What a blessing that there are so many writers out there who want to share the lives of amazing people with children, and who do it in such a beautiful way. As I was reading this book, it struck me again that we don’t often fit into the world in the way we think we should, or in the way others think we should. And while it’s all very nice to tell our children to be themselves, where are they going to look for examples of how to do that except to other people? It seems to me that the more children hear of people learning to live out their own stories, the more encouraged they will be to discover and live out their own. Maybe the more you know of the wide varieties of lives already lived the easier it becomes to ignore somebody else’s preconceived notion of what a life should look like and forge ahead with what your life is.
I was familiar with Hildegard von Bingen primarily as a composer, although I knew that she was also important as a Christian mystic. I didn’t know she was also a scientist. This book focuses primarily on her mystical life, although as author Jonah Winter points out in his note at the end of the book, “Were it not for her mystical visions…and her courage to reveal them to the world, neither her musical nor scientific creations would have had the chance to blossom.”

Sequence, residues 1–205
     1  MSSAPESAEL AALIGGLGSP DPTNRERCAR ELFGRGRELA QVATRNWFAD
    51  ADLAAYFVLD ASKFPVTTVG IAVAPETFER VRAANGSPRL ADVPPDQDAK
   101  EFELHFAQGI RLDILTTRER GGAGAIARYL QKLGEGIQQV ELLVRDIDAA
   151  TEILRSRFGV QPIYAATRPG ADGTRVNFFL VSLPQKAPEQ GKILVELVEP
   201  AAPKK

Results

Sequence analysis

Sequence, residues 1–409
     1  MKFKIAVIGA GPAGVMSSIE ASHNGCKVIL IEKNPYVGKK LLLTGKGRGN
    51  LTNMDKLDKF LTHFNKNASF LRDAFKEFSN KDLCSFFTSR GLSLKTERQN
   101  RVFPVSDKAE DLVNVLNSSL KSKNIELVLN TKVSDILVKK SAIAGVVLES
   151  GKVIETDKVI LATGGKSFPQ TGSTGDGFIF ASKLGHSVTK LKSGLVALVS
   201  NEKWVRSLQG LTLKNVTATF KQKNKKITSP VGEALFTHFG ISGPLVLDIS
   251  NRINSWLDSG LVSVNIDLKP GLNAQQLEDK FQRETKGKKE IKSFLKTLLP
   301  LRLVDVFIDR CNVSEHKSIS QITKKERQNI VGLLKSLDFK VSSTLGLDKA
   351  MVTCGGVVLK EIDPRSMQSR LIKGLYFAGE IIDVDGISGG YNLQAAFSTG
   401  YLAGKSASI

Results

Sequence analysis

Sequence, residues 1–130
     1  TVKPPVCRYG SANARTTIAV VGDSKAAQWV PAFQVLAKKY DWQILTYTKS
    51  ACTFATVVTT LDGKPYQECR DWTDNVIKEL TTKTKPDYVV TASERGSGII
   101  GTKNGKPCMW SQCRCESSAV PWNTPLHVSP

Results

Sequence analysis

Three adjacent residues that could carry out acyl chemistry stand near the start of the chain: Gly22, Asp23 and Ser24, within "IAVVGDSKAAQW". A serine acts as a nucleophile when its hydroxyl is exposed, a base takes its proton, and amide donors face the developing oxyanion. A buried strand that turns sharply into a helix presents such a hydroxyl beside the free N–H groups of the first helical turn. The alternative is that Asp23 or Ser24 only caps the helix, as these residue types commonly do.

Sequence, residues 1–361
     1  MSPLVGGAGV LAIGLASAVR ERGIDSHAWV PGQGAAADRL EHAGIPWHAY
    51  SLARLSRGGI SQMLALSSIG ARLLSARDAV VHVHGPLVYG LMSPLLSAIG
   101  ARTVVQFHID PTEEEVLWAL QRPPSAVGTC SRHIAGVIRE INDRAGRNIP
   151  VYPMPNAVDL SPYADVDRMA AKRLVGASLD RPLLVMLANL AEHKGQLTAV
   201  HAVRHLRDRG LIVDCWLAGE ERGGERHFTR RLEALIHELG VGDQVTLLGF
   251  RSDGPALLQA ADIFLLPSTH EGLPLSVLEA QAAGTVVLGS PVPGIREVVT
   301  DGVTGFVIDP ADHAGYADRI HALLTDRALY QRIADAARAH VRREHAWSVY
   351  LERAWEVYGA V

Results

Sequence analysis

From before the time she could speak, Hildegard had visions—“a world inside her head so bright it made her tremble.” Keeping the visions to herself caused severe headaches, but she was afraid to share them with others. Not knowing what to do with her, her parents sent her to a monastery, where she was raised and educated in solitude by a nun named Jutta. I don’t want to give the whole book away, because it’s a beautiful story, and needs to be discovered with the book in hand. But Hildegard finally learned that her visions were from God and needed to be shared, and once she started doing that everything changed. Her life became a powerful testament to the God she served.
“In the same way, let your light shine before others, so that they may see your good works and give glory to your Father who is in heaven.”